January 10, 2008

Socialism, Anyone?

From the always illuminating mind of Albert Einstein:
"Man acquires at birth, through heredity, a biological constitution which we must consider fixed and unalterable, including the natural urges which are characteristic of the human species. In addition, during his lifetime, he acquires a cultural constitution which he adopts from society through communication and through many other types of influences. It is this cultural constitution which, with the passage of time, is subject to change and which determines to a very large extent the relationship between the individual and society. Modern anthropology has taught us, through comparative investigation of so-called primitive cultures, that the social behavior of human beings may differ greatly, depending upon prevailing cultural patterns and the types of organization which predominate in society. It is on this that those who are striving to improve the lot of man may ground their hopes: human beings are not condemned, because of their biological constitution, to annihilate each other or to be at the mercy of a cruel, self-inflicted fate."...

The individual has become more conscious than ever of his dependence upon society. But he does not experience this dependence as a positive asset, as an organic tie, as a protective force, but rather as a threat to his natural rights, or even to his economic existence. Moreover, his position in society is such that the egotistical drives of his make-up are constantly being accentuated, while his social drives, which are by nature weaker, progressively deteriorate. All human beings, whatever their position in society, are suffering from this process of deterioration. Unknowingly prisoners of their own egotism, they feel insecure, lonely, and deprived of the naive, simple, and unsophisticated enjoyment of life. Man can find meaning in life, short and perilous as it is, only through devoting himself to society.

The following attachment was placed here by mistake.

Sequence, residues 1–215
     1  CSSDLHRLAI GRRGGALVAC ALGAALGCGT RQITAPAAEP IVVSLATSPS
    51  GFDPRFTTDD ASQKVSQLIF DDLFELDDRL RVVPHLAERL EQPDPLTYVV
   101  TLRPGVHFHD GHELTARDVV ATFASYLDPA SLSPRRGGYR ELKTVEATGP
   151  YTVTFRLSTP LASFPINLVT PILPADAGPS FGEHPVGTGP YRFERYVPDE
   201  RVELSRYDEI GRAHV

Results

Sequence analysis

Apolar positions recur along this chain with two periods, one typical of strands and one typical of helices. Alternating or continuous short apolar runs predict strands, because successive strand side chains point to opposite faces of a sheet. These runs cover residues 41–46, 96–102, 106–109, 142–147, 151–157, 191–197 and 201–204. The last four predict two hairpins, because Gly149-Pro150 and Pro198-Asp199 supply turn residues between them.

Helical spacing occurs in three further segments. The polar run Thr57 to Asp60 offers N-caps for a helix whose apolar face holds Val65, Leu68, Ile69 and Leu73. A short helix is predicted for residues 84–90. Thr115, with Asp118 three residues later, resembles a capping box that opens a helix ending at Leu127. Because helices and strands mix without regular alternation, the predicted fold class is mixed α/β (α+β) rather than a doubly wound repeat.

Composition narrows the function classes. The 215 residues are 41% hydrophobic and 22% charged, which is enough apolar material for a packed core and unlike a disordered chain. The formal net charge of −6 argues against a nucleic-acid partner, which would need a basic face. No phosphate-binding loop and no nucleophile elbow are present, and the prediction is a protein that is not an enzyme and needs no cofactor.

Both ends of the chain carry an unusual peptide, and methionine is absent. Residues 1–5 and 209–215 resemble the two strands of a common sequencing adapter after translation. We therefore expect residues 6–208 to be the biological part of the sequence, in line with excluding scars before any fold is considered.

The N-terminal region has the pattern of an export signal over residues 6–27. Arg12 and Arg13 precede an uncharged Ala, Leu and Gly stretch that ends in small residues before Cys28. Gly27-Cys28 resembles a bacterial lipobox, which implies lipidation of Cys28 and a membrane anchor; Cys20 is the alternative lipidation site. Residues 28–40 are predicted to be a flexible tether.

The economic anarchy of capitalist society as it exists today is, in my opinion, the real source of the evil...

Private capital tends to become concentrated in few hands, partly because of competition among the capitalists, and partly because technological development and the increasing division of labor encourage the formation of larger units of production at the expense of smaller ones. The result of these developments is an oligarchy of private capital the enormous power of which cannot be effectively checked even by a democratically organized political society. This is true since the members of legislative bodies are selected by political parties, largely financed or otherwise influenced by private capitalists who, for all practical purposes, separate the electorate from the legislature. The consequence is that the representatives of the people do not in fact sufficiently protect the interests of the underprivileged sections of the population. Moreover, under existing conditions, private capitalists inevitably control, directly or indirectly, the main sources of information (press, radio, education). It is thus extremely difficult, and indeed in most cases quite impossible, for the individual citizen to come to objective conclusions and to make intelligent use of his political rights...

This crippling of individuals I consider the worst evil of capitalism. Our whole educational system suffers from this evil. An exaggerated competitive attitude is inculcated into the student, who is trained to worship acquisitive success as a preparation for his future career.

I am convinced there is only one way to eliminate these grave evils, namely through the establishment of a socialist economy, accompanied by an educational system which would be oriented toward social goals.